“Money and Banking”
Suppose a coupon bond has a coupon rate of 5% per year, a face value of $10,000, and a maturity of 10 years; interest payments (coupon payments) are paid semi-annually. Furthermore, assume that you can invest all you want at a rate of 8%. How much is this bond worth today?
Coupon rate= 5%
Face value= $10,000
Maturity year= 10 years
Semiannual rate= 8%
Since the interest is paid semiannually the bond interest rate per period is 2.5% (= 5% ÷ 2), the market interest rate is 4% (= 8% ÷ 2) and number of time periods are 20 (= 2 × 10). Hence, the price of the bond is calculated as the present value of all future cash flows as shown below:
Price of Bond = 91000+45,662.1= $1, 36,662.1
It is the amount of times the money has created so that any bank can lend only after the statutory reserve which can be kept with the FED. Thus money multiplier is the ration of the change in total money supply to the change in monetary base or reserve.
The money multiplier refers to how the initial deposit will lead to more big and final increase in case of total money supply.
As for example, if the commercial banks gain a deposit of £1 million as well as this has increased to the final money for supplying £10 million. There is the money multiplier is 10.
The money multiplier is considered as the key element for the fractional banking system.
1.There is the initial increase in the bank deposits which is monetary base.
2.There is the bank holds that the fraction of the deposit has reserved and also it has lends out the other rest.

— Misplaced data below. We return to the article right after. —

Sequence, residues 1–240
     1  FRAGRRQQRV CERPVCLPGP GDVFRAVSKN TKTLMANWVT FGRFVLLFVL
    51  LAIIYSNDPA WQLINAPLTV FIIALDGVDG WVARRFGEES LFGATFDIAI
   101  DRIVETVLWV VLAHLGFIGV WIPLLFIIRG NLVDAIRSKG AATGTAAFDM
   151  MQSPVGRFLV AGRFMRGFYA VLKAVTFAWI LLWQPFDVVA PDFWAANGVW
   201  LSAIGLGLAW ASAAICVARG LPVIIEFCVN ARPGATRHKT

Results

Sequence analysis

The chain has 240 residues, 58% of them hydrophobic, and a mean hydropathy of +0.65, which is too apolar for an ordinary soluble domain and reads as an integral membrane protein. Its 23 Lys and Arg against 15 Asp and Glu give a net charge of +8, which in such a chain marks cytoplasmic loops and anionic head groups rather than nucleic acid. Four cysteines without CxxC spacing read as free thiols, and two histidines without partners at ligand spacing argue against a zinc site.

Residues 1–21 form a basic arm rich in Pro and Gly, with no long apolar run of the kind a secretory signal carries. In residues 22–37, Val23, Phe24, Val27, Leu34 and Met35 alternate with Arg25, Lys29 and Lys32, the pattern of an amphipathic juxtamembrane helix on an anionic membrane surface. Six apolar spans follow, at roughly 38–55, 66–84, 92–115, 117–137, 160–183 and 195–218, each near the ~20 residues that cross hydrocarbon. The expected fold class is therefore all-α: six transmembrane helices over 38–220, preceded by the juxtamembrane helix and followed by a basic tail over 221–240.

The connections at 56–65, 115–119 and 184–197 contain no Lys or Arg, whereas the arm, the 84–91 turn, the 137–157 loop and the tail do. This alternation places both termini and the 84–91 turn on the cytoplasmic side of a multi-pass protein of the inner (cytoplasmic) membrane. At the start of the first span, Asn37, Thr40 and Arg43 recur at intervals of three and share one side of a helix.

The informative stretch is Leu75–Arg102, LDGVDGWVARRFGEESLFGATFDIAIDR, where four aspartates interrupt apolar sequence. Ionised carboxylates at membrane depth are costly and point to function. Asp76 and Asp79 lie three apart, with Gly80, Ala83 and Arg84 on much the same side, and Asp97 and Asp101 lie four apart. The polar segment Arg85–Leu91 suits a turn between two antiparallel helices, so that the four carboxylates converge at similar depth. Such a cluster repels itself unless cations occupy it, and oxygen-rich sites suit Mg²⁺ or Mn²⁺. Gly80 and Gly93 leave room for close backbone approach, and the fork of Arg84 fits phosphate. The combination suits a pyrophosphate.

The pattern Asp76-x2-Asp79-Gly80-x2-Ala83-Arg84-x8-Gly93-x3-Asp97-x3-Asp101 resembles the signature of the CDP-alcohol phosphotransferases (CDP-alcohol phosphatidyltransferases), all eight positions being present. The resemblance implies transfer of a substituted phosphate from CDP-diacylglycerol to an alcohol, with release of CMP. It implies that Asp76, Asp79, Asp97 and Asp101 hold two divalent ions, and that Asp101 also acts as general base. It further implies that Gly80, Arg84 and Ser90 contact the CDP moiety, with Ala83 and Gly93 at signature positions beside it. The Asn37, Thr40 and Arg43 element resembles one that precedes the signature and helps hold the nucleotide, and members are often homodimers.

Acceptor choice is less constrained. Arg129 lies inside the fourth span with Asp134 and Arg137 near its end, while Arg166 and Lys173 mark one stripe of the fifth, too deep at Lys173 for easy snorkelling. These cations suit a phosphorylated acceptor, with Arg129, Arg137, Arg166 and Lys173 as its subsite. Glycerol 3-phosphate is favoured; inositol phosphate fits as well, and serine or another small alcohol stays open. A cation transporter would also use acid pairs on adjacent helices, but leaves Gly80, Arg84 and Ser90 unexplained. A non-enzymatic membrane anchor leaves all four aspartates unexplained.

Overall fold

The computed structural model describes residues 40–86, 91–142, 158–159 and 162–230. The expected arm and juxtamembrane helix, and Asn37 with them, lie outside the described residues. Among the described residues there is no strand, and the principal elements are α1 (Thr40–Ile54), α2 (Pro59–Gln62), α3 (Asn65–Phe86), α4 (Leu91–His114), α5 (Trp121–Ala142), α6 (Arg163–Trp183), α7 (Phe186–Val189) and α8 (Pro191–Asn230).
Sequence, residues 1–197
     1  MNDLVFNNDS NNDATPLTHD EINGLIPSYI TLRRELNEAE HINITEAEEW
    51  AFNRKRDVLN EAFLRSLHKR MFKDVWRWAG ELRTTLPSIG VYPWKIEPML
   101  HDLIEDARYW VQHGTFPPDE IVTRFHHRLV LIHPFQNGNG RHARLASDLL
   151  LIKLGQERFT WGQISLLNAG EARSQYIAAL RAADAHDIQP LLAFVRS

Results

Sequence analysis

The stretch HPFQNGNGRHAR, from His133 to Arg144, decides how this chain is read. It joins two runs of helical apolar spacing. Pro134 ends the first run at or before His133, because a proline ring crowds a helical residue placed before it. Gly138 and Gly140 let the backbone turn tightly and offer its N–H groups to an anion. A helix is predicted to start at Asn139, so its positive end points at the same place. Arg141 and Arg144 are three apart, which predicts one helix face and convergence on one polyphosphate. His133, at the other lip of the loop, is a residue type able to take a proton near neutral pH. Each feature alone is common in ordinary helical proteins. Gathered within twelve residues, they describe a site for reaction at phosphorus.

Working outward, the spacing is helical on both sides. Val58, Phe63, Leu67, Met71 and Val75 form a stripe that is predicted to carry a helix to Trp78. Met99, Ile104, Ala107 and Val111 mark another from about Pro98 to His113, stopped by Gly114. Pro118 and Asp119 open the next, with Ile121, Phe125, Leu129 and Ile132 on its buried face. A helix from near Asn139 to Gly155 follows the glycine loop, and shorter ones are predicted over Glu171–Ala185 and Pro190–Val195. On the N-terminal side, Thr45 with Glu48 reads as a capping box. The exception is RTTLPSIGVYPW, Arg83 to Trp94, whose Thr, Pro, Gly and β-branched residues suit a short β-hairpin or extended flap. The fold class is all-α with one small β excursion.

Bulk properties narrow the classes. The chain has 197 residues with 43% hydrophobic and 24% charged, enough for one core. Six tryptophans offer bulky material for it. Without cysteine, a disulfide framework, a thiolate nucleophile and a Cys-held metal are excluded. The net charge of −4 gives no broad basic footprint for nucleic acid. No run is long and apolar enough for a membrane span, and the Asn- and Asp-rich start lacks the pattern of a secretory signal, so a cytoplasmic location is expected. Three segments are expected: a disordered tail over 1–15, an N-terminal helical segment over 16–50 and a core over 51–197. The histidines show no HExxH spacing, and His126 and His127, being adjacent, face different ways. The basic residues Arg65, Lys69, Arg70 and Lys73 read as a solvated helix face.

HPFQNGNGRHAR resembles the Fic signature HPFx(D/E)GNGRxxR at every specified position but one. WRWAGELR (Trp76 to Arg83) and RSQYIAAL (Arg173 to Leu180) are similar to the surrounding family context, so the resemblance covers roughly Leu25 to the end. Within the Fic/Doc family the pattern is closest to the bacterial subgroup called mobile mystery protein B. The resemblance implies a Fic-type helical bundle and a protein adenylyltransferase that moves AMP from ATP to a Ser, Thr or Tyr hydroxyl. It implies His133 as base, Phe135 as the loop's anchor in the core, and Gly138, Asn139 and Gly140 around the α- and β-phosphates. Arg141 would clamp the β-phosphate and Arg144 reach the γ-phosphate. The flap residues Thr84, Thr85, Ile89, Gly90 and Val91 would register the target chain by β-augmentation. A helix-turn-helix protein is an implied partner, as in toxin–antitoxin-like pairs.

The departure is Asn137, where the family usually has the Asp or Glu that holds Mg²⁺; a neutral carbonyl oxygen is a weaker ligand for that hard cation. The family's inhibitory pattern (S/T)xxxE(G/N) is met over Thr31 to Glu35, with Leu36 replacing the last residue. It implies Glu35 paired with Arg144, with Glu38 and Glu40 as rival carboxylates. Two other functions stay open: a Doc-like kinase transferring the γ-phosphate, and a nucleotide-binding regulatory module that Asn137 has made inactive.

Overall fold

3.The loan of the bank thus would be redeposited in case of further increase in case of bank lending which increase with the money supply.
In fact, money multiplier is the reverse ratio of reserve ration in FED. If in any case the Federal Reserve ratio increases, the monetary base by one dollar and then the money supply increases by 1/f dollars. As for example, if the reserve requirement is maintained as f=0.10, then money supply has raised by ten dollars and that will confirm the money multiplier as ten.
The process of money multiplier: There is the money- multiplier that process explains in which way the monetary base has caused the money supply for increasing with multiplied amount. In that context, let Federal Reserve ratio has carried out with the open market operation, by the creation of $1 for buying $ 100 of Treasury securities from the bank. Therefore, the monetary base has risen by $100.
The seller has received the $90 as well as deposits in the bank. Bank has kept 0.10 * $90 as the reserves and the loans which is remaining by $81 for excess reserves, in that case borrower has used the money for buying purpose. In this case seller has received $81 as well as deposited that in the bank account and the process has continued.
The total increase in money supply has the sum of the increased price at each stage.
?M = 100 +90 +81 +··· = 100 +100 ×.90 +100 ×.90 2 +···, which is considered as the geometric sum (Oliner & Rudebusch, 1995).
(1) Total currency = (currency in circulation) + (vault cash)
(2) cu = (currency in circulation) / D (D = total deposits)
(3) Total reserves of banks = (vault cash) + (reserve deposits)
(4) R = (total reserves) / D
(5) M = (1 + cu) D
(6) MB = (currency in circulation) + (total reserves)
(7) MB = (cu + R) D
(8) mm = [(1 + cu)/ (R + cu)] (mm = money multiplier)
(9) M = (mm) MB
Suppose there is 200 worth of total currency, and 10% of it sits in the vaults of banks.
(a) How much currency is in circulation?
Suppose the “currency/deposit ratio" cu = 0.1.
(b) How large is the total amount of deposits in banks (D)?
(c) Given your answers above, how large is the money supply M?
Suppose the total of bank reserve deposits at the Fed is 196.
(d) How large are the total reserves of banks?
(e) Given the answers to (a) and (d), what is the value of the monetary base MB?
(f) Given the answers to (b) and (d), what is the “reserve/deposit ratio" R?
(g) Given the answer to (e) and prior information, what is the value of mm?